Six months ago Michigan Governor Snyder signed into law the “Main Street Fairness Act.” Beginning on October 1, 2015 online retailers in the state must collect and remit 6 percent sales tax just as retailers with a physical presence do.
Source: Detroit Free Press.
PC World reported on November 14, 2014 that Speaker John Boehner opposed the Act and would bring no action on it before the end of last year’s Congressional session. The Senate passed an internet sales tax under the “Marketplace Fairness Act” in 2013 but House Republicans blocked its passage.
This year on June 15, 2015, however, Utah Republican Congressman Jason Chaffetz introduced a new version as “The Remote Transactions Parity Act.” His bill provides that:
- States would have to provide the software to sellers that have no physical presence so they can calculate taxes owed on purchases made by residents of other states;
- Small businesses with sales under $10 million would be exempt in the first year; businesses with sales under $5 million would be exempt in the second year; and those with sales under $1 million would be exempt in the third year.
- No businesses exempt after the third year, but those with less than $5 million sales do not have to be audited for compliance with the tax requirements.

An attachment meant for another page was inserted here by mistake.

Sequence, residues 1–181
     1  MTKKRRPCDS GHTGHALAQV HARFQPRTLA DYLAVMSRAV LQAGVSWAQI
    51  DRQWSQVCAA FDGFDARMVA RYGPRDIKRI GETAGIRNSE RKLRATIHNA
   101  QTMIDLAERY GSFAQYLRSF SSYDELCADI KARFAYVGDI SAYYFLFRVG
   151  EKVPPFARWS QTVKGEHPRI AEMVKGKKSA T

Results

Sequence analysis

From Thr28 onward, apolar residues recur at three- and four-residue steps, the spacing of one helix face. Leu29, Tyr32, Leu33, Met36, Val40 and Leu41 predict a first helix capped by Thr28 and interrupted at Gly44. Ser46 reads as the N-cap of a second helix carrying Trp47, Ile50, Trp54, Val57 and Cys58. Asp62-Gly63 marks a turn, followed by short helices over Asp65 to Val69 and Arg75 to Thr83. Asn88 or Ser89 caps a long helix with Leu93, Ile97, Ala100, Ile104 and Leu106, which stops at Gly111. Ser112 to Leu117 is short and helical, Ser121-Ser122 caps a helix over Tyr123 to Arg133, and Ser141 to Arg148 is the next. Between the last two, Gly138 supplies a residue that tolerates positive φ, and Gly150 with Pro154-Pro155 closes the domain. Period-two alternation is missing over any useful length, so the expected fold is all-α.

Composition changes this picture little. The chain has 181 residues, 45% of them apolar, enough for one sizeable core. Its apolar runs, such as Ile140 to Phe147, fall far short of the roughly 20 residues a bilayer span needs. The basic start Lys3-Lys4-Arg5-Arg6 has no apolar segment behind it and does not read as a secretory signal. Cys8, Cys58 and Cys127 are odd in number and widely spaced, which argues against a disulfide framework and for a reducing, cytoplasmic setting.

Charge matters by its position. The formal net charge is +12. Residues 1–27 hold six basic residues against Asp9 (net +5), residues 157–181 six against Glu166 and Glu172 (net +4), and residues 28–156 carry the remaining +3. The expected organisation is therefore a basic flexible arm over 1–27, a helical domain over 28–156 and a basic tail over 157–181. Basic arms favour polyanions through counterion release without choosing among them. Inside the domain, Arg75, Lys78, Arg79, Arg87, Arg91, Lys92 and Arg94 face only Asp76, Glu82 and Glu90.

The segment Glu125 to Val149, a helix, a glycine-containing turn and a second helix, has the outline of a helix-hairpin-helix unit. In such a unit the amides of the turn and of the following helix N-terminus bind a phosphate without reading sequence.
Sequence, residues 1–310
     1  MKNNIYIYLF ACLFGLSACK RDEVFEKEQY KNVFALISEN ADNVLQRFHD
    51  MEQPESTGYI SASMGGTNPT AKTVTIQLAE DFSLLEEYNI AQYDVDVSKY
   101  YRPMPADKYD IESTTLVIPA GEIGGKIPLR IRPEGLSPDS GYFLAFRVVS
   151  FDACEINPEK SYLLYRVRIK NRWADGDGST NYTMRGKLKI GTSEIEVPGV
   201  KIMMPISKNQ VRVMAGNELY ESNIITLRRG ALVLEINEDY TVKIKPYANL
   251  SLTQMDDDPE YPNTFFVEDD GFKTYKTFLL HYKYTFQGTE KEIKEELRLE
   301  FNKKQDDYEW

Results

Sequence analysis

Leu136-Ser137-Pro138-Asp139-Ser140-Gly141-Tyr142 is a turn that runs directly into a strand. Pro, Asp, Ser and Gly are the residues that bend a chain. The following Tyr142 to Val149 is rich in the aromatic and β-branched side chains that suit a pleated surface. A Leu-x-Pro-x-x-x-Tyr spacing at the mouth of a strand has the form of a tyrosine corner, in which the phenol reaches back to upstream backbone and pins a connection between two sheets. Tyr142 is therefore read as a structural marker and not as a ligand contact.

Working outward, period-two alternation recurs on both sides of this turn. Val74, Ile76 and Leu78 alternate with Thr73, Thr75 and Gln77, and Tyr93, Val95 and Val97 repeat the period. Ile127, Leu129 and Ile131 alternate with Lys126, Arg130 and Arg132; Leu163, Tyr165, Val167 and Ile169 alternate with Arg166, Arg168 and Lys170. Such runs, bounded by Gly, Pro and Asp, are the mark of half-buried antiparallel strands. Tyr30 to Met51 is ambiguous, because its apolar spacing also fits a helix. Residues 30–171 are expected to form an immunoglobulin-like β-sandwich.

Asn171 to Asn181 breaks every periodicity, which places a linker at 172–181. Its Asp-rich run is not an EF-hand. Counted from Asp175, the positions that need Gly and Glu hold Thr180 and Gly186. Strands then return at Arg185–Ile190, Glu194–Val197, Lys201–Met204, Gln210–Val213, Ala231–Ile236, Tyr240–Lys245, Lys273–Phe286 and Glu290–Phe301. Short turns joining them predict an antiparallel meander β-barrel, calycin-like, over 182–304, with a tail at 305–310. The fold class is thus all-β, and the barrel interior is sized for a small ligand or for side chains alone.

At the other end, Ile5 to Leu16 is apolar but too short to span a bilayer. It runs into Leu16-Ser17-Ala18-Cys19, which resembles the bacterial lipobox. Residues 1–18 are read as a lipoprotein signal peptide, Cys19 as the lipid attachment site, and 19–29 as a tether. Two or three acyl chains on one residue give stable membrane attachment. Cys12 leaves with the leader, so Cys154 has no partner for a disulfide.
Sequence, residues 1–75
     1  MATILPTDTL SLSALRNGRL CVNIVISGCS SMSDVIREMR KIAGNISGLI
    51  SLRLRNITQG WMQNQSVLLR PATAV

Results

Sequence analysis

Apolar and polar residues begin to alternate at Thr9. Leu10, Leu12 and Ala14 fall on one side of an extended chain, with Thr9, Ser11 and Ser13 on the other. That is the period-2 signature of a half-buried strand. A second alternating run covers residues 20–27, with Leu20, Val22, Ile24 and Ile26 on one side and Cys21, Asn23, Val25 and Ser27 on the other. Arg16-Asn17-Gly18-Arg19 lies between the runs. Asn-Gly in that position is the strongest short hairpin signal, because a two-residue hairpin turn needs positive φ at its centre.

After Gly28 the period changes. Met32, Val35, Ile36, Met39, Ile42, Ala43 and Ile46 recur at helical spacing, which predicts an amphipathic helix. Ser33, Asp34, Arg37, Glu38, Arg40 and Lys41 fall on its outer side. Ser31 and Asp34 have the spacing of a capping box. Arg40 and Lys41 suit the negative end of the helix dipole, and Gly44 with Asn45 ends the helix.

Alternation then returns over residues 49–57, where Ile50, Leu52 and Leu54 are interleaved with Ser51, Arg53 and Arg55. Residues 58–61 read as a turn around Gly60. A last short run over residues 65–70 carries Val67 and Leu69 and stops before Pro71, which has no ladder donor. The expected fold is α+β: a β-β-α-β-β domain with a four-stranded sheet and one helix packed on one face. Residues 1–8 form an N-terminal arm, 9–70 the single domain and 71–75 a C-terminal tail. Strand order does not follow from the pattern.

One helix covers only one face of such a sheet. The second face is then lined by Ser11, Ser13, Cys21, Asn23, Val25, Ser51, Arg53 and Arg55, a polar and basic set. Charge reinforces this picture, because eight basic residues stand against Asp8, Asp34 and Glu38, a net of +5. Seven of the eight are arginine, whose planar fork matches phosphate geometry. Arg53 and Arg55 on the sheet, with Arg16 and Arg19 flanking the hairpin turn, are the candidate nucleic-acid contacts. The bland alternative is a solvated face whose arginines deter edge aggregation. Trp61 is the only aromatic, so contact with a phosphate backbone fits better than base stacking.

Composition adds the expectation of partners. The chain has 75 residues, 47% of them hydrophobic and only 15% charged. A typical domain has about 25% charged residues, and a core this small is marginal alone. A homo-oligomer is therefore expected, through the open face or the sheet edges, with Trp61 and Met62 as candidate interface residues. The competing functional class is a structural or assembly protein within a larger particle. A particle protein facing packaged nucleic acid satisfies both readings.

The Heritage Foundation points out that small businesses would have to bear a heavy burden to collect and account for sales taxes from more than 10,000 jurisdictions. Additionally, in 1992 the Supreme Court ruled in Quill vs. North Dakota that states can only tax businesses with a physical presence within their boundaries (http://dailysignal.com/2015/06/23/whats- wrong-with-the-latest-internet-sales-tax-bill/).
According to the Daily Signal, large online retailers such as Overstock and Amazon support Chaffetz’s bill as a means to establish a federal standard. Those who support the imposition of internet sales taxes claim it is necessary to keep the tax rules fair for local and remote businesses.
H.R. 2775 was assigned to the House Judiciary Committee, and on July 1, 2015 went to the Subcommittee on Regulatory Reform, Commercial and Antitrust Law. The bill has 18 Republican sponsors and 15 Democrat sponsors. Request alerts on the status of the bill here.
Although sponsors from the federal level do not include any from Missouri, on the state level Warren Love (R-Mo.) expressed his support for an internet sales tax when he stopped by the old Chamber of Commerce building in Warsaw last October. At the time, he referred to it as an untapped source of revenue for Missouri, and asked Congresswoman Hartzler who was meeting with the Chamber Board members that afternoon to consider supporting internet sales tax legislation if and when it were introduced.